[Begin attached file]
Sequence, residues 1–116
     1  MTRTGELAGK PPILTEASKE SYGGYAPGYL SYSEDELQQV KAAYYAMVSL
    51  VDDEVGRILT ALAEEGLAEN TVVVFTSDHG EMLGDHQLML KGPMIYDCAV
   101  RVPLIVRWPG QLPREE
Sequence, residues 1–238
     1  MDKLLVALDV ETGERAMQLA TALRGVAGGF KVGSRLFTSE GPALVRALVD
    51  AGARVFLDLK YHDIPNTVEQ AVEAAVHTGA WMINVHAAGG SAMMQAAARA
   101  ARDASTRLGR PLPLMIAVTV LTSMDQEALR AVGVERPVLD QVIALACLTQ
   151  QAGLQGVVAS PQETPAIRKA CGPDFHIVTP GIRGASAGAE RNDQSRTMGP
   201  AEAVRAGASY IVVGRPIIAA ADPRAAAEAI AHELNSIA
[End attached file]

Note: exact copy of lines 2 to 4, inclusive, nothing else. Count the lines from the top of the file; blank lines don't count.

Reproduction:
     1  MTRTGELAGK PPILTEASKE SYGGYAPGYL SYSEDELQQV KAAYYAMVSL
    51  VDDEVGRILT ALAEEGLAEN TVVVFTSDHG EMLGDHQLML KGPMIYDCAV
   101  RVPLIVRWPG QLPREE